DC Edit | RBI is noncommittal but rate cut hope on horizon
Before the Goods and Service Tax (GST) was implemented in the country, people used to remain anxious about the Union Budget as the finance minister’s decision to increase or decrease excise duty could have a direct impact on everybody’s pocket. After the excise duty was subsumed into GST, the Budget lost its punch. But the Reserve Bank of India led Monetary Policy Committee’s (MPC) bimonthly meeting assumed a similar character as its function of determining key repo rate could swing people’s monthly payouts for loans, and people would shudder at the prospect of a rate hike.
The MPC, however, spared people on Thursday by retaining the repo rate unchanged at 6.5 per cent basing its analysis on lower inflation, and high frequency indicators such as domestic demand conditions, improving household consumption and investment activity.
The tone of the monetary policy remained balanced yet non-committal, with no change in stance, stressing on inflation-fighting credibility. The MPC continued its stance of the withdrawal of accommodation — which suggests tightening of liquidity to fight inflation — as the Reserve Bank of India remains cautious about the still-high inflation as against the target of four per cent and emerging risks from the still-fluid global situation.
The central bank also does not seem keen to slash interest rates until it is assured of a good monsoon as the upside risks to inflation may exist, primarily from the manifestation of El Nino and its impact on monsoon. Lending rates, however, are unlikely to see any pressure because of excess liquidity caused by higher amounts of cash deposited following the withdrawal of Rs 2,000 banknotes from circulation.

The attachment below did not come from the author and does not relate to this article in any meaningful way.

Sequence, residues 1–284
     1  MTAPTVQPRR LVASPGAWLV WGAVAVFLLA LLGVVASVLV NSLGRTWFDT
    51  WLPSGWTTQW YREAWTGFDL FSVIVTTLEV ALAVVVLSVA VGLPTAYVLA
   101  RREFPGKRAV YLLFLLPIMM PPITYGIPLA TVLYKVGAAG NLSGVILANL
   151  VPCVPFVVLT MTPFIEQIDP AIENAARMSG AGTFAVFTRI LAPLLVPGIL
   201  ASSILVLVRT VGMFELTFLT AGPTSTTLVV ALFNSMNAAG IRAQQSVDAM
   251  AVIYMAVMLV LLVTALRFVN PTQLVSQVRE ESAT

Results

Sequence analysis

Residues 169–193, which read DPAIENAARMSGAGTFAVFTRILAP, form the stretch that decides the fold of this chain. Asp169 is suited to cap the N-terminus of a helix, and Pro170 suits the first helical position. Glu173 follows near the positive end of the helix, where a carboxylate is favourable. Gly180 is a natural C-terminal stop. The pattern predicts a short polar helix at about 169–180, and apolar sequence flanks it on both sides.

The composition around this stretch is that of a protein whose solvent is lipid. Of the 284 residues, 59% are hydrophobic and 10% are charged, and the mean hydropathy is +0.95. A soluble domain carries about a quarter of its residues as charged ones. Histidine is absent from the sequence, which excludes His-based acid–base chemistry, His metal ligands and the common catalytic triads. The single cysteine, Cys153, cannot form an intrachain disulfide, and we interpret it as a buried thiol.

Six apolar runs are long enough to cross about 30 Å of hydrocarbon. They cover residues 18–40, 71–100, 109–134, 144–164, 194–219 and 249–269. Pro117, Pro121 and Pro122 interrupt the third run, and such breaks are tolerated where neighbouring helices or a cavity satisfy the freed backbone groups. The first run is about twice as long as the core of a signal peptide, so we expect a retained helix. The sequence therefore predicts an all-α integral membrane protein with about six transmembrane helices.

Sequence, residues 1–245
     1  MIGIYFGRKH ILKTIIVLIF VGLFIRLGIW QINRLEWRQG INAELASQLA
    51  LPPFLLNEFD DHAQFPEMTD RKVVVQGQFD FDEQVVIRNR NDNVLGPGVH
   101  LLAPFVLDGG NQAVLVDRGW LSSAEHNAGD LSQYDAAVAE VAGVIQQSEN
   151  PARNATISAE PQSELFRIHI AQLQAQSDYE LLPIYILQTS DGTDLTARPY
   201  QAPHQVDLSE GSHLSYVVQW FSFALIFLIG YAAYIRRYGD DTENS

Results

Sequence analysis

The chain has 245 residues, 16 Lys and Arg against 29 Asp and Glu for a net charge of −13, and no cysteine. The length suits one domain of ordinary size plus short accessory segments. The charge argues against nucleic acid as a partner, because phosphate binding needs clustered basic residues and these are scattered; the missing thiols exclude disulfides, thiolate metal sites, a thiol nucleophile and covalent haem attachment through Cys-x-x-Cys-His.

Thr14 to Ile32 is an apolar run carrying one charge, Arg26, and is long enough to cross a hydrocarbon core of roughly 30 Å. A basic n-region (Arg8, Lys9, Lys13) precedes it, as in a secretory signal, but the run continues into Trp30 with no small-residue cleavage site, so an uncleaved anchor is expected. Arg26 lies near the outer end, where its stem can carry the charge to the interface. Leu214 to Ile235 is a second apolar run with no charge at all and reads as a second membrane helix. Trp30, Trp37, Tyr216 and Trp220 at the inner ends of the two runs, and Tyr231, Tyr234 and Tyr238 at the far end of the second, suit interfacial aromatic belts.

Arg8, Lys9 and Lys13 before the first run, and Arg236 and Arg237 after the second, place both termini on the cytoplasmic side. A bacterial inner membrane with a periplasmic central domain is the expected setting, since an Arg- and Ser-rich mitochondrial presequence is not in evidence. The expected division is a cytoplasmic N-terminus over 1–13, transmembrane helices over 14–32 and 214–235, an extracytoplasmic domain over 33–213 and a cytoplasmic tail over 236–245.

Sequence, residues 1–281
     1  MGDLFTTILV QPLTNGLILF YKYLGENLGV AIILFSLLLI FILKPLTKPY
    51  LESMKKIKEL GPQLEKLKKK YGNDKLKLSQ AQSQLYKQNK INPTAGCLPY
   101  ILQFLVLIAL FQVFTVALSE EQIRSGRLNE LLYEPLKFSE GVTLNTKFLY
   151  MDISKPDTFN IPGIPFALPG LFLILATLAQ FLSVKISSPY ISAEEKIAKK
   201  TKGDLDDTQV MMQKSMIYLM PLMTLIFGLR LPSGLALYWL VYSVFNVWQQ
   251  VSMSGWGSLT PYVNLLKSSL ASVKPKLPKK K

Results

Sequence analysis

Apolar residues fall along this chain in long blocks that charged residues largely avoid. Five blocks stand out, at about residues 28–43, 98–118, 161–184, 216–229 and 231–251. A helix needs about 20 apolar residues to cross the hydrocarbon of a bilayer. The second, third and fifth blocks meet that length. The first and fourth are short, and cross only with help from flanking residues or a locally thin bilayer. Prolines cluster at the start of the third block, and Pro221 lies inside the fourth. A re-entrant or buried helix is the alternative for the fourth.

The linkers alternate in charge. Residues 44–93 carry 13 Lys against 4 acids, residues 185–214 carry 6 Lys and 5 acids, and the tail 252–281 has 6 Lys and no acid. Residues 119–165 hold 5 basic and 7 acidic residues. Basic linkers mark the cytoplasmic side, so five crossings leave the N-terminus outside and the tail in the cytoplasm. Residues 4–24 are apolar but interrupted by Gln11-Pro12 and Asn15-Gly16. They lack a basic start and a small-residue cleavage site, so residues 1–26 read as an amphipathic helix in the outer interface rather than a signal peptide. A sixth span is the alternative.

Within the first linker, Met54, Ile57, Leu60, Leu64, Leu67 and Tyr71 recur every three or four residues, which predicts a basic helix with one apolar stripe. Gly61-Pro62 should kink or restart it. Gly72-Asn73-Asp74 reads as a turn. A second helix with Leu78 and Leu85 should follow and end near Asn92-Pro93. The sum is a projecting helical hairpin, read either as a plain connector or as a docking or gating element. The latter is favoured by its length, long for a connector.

According to RBI governor Shaktikanta Das, almost half of Rs 2,000 banknotes which are in circulation amounting to Rs 1.8 lakh crores have returned to bank, and 85 per cent of which or Rs 1,53,000 crores was deposited in bank accounts, bringing deluge of liquidity to the Indian economic system.
The Assembly elections in five states — Telangana, Madhya Pradesh, Chhattisgarh, Rajasthan and Mizoram — could also infuse poll-related liquidity into the system by the end of this year. Apart from this, a surge in foreign investments into Indian equity following a slower growth in China will increase rupee liquidity in the market. Global investors have bought more than $7 billion of local stocks since March, on track for the biggest quarterly purchases since the end of 2020.
As healthy liquidity conditions keep inflation above the mandated four per cent target and also provide adequate support to the economic growth, the MPC is unlikely to cut repo rate until December. By the end of the year, the Russia-Ukraine crisis which pushed the world into uncertainty could get closer to some sort of settlement as the world cannot remain in the crisis mode any longer.